In this study, we evaluate the ability of GCMs participating in the Intergovernmental Panel for Climate Change's (IPCC) Fourth Assessment Report (AR4) to simulate variability in the snow water equivalent (SWE) in New York City Water Supply watersheds located northwest of NYC in the Catskill Mountains. SWE is estimated using an empirical temperature-based degree day model. Inputs to this model are either measured with historical meteorological (1961-2000) data or a GCM model output for the same historical period. The evaluation of the GCMs is based on a skill score developed using probability distribution functions derived from the time series of simulated snowpack. From the skill scores (SS) calculated, the GCMs are ranked based on their ability to simulate the snowpack. These results have implications for selecting a subset of GCM simulations for climate change impact assessments in New York City's water supply. Results show that the GFDL 2·0 (gf001) model has the highest SS (0·93) and CCSM (ncc09) model has the lowest SS (0·26). On the basis of the SS, the GCM ensemble members are classified into three categories: high, medium and low performance. The probability density functions for the three performance classes show the largest between-model variability for models in low performance class. Differences between the means and medians of observation-based model simulation and GCM-based simulation were greatest in the low-performance class. © 2011 John Wiley & Sons, Ltd.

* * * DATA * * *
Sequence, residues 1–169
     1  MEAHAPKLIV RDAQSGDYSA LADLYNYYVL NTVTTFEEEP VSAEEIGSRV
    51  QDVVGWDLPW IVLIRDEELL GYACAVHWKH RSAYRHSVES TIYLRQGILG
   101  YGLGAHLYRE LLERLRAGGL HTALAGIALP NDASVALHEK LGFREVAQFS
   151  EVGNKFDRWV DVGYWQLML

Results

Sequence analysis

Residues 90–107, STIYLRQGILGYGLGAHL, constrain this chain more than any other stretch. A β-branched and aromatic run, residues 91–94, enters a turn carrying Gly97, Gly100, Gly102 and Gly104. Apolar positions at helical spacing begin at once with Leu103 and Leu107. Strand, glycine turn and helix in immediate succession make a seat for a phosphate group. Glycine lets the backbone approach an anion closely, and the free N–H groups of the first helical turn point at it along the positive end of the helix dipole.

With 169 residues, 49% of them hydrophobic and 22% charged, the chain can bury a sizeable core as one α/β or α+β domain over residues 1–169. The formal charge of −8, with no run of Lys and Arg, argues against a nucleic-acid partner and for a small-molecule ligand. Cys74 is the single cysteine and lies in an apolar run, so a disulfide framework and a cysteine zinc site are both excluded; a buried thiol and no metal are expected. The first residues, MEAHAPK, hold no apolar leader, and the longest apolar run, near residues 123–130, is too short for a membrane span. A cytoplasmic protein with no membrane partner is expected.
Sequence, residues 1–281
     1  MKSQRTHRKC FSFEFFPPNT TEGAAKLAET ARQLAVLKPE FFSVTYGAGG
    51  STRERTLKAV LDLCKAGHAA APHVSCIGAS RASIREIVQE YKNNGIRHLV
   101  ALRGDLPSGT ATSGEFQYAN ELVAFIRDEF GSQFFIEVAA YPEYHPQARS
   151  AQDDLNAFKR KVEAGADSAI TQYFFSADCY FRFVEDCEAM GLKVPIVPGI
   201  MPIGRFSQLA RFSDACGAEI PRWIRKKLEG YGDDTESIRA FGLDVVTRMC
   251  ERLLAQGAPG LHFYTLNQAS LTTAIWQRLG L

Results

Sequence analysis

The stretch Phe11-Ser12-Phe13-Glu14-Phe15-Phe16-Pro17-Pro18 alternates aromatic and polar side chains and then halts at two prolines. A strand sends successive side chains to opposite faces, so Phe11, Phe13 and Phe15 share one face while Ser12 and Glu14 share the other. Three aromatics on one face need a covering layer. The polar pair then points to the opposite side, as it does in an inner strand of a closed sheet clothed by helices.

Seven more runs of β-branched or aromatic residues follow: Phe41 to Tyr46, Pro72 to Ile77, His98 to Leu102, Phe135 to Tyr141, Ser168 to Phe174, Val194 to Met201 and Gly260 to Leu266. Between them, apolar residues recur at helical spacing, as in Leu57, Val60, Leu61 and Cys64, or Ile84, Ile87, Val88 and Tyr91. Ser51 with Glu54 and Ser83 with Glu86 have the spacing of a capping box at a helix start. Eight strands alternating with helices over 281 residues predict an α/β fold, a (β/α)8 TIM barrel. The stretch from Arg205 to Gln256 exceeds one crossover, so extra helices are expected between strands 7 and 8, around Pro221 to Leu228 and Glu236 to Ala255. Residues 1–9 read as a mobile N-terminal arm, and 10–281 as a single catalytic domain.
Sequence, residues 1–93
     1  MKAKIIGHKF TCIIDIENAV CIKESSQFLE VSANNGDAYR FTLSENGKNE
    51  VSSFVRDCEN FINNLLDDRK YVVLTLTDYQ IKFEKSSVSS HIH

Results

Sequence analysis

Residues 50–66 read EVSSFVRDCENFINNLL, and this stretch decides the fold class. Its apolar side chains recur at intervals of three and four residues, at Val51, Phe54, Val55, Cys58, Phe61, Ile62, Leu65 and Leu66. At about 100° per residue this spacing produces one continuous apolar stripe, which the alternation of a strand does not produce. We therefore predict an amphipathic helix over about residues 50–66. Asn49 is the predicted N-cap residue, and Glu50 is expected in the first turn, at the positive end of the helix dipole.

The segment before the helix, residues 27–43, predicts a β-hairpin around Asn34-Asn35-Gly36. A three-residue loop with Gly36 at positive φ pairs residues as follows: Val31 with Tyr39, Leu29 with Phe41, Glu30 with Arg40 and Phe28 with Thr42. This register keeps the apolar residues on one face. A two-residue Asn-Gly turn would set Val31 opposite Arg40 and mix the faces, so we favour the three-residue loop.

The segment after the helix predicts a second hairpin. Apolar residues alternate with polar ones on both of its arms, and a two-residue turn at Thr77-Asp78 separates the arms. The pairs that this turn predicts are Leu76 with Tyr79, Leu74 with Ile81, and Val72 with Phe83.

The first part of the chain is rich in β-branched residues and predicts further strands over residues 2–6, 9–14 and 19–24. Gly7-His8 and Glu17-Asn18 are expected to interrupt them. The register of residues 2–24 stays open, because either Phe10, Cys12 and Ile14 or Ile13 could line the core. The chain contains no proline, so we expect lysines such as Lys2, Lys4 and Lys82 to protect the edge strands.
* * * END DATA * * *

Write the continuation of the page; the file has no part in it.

Anandhi A.,City University of New York | Frei A.,City University of New York | Frei A.,City College of New York | Pierson D.C.,Water Quality Modeling Group | And 4 more authors.
Water Resources Research | Year: 2011

A variety of methods are available to estimate values of meteorological variables at future times and at spatial scales that are appropriate for local climate change impact assessment. One commonly used method is Change Factor Methodology (CFM), sometimes referred to as delta change factor methodology. Although more sophisticated methods exist, CFM is still widely applicable and used in impact analysis studies. While there are a number of different ways by which change factors (CFs) can be calculated and used to estimate future climate scenarios, there are no clear guidelines available in the literature to decide which methodologies are most suitable for different applications. In this study several categories of CFM (additive versus multiplicative and single versus multiple) for a number of climate variables are compared and contrasted. The study employs several theoretical case studies, as well as a real example from Cannonsville watershed, which supplies water to New York City, USA. Results show that in cases when the frequency distribution of Global Climate Model (GCM) baseline climate is close to the frequency distribution of observed climate, or when the frequency distribution of GCM future climate is close to the frequency distribution of GCM baseline climate, additive and multiplicative single CFMs provide comparable results. Two options to guide the choice of CFM are suggested. The first option is a detailed methodological analysis for choosing the most appropriate CFM. The second option is a default method for use under circumstances in which a detailed methodological analysis is too cumbersome. Copyright 2011 by the American Geophysical Union.